Yes, people of different generations have attached different meanings to the Confederate flag to the point where, on one hand, it’s now little more than a generic symbol for rebellion that fuels a decidedly tasteless bumper-sticker and bikini industry. But on the other hand, the Confederate flag emerged at a very specific point in American history. It served as the military emblem of an army whose government, the Confederate States of America, waged a treasonous war against the United States in the name of defending, upholding, and perpetuating racial slavery. This is the real history of the flag that makes many Americans (justifiably) uncomfortable, and its a history that will forever be linked to the stars and bars.

The flag’s historical association with slavery and racism has always made it a banner controversy (oh yeah, that pun was intended). Case-in-point: Talking Points Memo recently reported that students and alumni of Douglas S. Freeman High School in Richmond, Virginia have signed a petition to bring back their stars and bars-clad “Rebel Man” mascot. The move has proved controversial, but proponents of bringing back the mascot claim that “The Rebel Man was never intended to embark racism or start any kind of political controversy, but only to represent our city’s history.”

Unfortunately, the history that “Rebel Man” is intended to represent is quite loaded: Richmond, Virginia served as the capital of the Confederacy after it was moved from Montgomery, Alabama in early 1861. Knowing this full-well, one Freeman High School student echoed a familiar (and tired) refrain when he claimed that, “Since Richmond was the capital of the Confederacy, a Southern soldier really represents us as a school…This Rebel Man does not represent racism or slavery.”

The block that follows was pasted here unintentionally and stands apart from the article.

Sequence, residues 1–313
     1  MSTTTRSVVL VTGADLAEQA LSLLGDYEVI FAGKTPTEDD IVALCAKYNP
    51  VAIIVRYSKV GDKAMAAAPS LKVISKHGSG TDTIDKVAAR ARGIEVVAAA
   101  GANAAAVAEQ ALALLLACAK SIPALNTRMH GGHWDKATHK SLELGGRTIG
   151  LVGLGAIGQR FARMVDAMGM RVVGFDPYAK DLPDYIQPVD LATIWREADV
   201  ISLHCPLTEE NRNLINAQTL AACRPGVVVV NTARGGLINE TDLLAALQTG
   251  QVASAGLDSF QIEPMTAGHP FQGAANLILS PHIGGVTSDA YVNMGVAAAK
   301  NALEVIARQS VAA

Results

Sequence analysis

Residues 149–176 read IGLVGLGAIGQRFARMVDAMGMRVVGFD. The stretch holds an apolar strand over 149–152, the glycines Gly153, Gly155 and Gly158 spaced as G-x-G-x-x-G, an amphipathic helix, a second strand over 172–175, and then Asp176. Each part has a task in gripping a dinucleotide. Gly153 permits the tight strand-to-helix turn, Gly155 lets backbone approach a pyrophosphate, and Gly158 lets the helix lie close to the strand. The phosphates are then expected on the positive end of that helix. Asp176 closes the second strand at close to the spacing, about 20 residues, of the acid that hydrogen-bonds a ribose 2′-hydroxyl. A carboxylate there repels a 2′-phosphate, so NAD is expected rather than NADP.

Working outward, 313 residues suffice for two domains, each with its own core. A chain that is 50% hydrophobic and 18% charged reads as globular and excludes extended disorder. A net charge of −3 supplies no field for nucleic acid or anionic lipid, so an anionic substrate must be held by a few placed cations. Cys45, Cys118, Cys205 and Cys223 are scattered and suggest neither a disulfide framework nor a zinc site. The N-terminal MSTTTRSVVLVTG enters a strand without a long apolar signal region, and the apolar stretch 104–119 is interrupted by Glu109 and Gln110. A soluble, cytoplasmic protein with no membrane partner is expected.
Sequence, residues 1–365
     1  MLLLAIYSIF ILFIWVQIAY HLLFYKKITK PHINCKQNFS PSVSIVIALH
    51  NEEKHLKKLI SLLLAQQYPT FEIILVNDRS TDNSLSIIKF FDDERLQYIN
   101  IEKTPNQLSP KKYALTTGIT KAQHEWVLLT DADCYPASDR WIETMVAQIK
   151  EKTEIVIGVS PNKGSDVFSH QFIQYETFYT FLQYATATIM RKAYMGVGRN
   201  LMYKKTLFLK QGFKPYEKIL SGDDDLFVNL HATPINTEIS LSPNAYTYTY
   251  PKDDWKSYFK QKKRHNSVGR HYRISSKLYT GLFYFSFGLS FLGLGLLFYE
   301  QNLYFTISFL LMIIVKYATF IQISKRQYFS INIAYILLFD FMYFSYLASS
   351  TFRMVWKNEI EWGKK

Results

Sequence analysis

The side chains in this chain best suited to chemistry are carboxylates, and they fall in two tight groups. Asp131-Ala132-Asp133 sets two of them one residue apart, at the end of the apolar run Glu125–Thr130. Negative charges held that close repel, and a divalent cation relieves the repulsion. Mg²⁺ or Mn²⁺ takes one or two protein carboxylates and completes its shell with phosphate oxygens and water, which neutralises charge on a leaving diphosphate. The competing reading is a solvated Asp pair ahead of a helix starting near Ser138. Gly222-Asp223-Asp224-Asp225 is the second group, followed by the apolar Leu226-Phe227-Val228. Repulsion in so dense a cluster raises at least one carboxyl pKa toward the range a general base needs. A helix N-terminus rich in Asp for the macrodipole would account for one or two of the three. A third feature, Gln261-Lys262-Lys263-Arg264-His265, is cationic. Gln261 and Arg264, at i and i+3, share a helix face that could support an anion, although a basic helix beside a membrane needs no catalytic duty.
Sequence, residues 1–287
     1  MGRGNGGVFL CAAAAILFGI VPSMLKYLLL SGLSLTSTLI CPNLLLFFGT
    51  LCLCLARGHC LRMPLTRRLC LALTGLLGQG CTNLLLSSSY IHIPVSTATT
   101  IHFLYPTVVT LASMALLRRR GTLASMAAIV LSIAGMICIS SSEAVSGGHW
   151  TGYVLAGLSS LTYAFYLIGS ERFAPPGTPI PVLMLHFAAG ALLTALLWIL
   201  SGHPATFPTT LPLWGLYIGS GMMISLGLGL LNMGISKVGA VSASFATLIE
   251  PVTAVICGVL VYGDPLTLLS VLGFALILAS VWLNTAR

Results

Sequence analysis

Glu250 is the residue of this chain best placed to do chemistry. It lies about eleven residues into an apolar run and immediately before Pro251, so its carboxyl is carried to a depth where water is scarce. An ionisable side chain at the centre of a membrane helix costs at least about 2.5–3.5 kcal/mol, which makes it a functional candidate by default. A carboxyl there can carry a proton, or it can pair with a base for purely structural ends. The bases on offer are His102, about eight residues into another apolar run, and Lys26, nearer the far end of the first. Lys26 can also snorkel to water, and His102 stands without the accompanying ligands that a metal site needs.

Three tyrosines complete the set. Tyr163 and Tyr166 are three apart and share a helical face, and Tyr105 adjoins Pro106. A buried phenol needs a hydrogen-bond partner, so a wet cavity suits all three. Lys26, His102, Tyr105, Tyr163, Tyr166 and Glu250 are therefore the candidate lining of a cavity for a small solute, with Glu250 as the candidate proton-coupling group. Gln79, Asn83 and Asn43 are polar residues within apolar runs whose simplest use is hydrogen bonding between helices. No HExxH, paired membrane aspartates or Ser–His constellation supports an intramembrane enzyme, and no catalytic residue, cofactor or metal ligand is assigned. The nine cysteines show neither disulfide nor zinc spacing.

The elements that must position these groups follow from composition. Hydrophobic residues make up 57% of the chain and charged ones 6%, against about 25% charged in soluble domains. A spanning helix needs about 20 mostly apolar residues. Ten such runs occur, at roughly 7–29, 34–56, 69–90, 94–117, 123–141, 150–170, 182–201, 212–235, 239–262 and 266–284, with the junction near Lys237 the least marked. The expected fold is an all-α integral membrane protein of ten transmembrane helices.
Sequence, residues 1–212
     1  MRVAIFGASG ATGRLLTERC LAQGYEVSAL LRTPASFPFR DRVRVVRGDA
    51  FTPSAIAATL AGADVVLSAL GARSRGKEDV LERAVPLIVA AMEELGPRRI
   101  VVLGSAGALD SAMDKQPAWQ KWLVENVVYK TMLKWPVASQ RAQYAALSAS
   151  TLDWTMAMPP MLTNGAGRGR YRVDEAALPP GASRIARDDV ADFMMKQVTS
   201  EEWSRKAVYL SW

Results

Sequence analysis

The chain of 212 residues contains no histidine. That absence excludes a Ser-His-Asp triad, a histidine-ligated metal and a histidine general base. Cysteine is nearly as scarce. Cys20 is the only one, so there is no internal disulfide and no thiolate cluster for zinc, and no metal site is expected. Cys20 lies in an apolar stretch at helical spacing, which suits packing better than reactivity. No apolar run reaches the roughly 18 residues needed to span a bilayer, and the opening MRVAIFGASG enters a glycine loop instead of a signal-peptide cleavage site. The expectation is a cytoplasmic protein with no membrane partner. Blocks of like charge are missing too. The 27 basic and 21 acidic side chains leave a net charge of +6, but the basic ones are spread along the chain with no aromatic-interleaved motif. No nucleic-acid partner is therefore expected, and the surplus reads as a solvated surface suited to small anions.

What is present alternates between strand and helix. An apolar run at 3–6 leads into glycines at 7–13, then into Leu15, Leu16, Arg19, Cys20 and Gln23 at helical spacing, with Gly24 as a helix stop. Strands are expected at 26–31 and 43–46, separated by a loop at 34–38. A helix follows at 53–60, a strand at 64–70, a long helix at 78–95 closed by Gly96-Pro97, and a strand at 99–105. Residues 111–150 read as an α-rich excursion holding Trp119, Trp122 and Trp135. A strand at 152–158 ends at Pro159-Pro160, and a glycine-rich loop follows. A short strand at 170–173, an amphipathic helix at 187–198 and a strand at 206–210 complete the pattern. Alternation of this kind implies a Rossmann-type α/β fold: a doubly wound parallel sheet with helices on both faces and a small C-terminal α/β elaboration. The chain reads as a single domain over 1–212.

The "White House" where Confederate president Jefferson Davis lived in Richmond, Virginia.

The “White House” where Confederate president Jefferson Davis lived in Richmond, Virginia.

Of course, whether or not that student believes that Confederate imagery “does not represent racism or slavery,” the fact remains that the rebel flag and its associated symbolism historically represents a breakaway nation whose “cornerstone,” as explained by its vice-president, Alexander Stephens, was “the great truth that the negro is not equal to the white man; that slavery subordination to the superior race is his natural and normal condition.” Based on this “cornerstone,” the majority of the slave-holding southern states formed the Confederate States of America in 1861 as an explicitly white-supremacist nation dedicated to defending the right to own black slaves.

And just how dedicated to slavery were the Confederate States of America, you ask? Well, consider the fact that the Confederate Constitution was, for all intents-and-purposes, a virtual carbon-copy of the American Constitution, but with a crucial difference: it had provisions clearly defending the right to preserve slavery. While it’s true that the American Constitution in its original form was essentially a pro-slavery document (it did have that whole three-fifths clause, after all), the framers of the Confederate Constitution went out of their way to make sure that NOBODY on earth could EVER deprive the South’s of its hard-working and EXTREMELY under-paid labor force.